Have you ever needed to download a file from a download site, only to play a virtual game of hide and seek of “which is the real download button and not the one that will install shady malware if I click the wrong one?” Or those “your flash player requires an update” ads? Google has taken them on in their next phase of Safe Browsing.
Consistent with the social engineering policy we announced in November, embedded content (like ads) on a web page will be considered social engineering when they either:
- Pretend to act, or look and feel, like a trusted entity — like your own device or browser, or the website itself.
- Try to trick you into doing something you’d only do for a trusted entity — like sharing a password or calling tech support.
Someone posted an image some time ago on imgur saying that it was like trying to defuse a bomb to figure out which button was the real one and which ones were ads.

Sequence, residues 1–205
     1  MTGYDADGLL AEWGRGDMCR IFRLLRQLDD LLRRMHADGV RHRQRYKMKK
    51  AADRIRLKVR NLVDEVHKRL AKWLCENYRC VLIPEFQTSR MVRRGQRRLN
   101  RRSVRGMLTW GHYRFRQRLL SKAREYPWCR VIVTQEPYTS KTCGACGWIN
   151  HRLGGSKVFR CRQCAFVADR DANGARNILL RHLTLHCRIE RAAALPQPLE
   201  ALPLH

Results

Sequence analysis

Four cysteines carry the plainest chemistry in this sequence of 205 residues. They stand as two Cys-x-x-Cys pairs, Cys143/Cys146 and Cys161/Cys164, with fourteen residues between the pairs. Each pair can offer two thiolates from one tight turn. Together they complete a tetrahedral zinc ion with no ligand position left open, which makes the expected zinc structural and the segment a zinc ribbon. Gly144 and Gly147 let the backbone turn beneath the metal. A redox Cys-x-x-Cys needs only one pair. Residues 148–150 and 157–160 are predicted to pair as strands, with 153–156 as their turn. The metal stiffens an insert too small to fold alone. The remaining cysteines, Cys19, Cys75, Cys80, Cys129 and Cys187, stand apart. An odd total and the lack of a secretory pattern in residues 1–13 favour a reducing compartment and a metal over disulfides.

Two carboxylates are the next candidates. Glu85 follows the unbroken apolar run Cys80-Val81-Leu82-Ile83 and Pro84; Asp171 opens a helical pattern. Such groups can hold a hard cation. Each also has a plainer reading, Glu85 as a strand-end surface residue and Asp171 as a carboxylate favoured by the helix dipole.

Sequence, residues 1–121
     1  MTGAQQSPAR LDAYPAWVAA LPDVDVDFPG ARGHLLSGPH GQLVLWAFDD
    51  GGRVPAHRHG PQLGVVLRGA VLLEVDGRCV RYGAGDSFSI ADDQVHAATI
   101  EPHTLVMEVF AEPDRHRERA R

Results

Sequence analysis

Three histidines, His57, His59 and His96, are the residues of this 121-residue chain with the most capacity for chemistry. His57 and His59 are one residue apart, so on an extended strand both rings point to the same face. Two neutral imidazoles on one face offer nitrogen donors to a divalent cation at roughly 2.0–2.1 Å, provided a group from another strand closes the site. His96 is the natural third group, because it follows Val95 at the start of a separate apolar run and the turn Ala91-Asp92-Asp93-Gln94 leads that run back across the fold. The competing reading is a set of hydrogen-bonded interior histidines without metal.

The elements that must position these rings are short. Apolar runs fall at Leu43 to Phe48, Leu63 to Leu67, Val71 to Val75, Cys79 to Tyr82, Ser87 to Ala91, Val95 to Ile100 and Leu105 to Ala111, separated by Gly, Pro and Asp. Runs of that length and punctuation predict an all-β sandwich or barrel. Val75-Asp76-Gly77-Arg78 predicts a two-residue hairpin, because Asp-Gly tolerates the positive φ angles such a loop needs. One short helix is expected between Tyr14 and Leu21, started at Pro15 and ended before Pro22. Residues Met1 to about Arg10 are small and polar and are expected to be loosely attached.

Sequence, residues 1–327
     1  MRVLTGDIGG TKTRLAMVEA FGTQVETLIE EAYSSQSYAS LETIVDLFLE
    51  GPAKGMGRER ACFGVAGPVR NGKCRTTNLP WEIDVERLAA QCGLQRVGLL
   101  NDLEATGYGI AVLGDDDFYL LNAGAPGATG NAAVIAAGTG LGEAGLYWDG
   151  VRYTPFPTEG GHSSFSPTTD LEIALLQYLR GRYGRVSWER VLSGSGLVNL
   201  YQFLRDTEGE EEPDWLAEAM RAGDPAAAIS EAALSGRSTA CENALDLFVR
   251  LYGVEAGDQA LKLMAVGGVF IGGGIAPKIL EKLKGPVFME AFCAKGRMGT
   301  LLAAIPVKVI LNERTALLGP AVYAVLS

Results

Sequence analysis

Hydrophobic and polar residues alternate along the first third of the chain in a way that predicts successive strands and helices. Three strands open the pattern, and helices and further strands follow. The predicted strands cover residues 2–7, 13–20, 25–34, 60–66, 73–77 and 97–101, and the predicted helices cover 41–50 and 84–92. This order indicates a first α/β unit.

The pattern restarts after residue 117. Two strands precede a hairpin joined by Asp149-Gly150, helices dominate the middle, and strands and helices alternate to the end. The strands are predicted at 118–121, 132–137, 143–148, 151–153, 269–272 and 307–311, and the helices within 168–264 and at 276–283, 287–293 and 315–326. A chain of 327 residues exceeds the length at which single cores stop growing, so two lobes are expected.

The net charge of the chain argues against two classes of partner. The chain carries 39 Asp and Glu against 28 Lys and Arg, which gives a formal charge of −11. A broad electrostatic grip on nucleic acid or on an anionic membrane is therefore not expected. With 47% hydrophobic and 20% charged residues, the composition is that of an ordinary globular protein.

The other types of ads that Google cites are the fake software update ads that don’t actually lead to the true site, but scare people into thinking they are required to download updates, which actually intalls malware.
Many of the less reputable ad networks use these types of ads because they have a high accidental clickthrough and because nearly all of them download malware or adware onto the end user’s computer. So if you are running any ads like this, you need to be aware that your site may now be flagged with the red interstitial warning searchers from clicking through to your site.
It probably won’t be long before we start hearing about which ad networks are getting sites flagged, similar to how Bidvertiser is commonly associated with malware flags, or if some of the less reputable ad networks stop running these types of ads.
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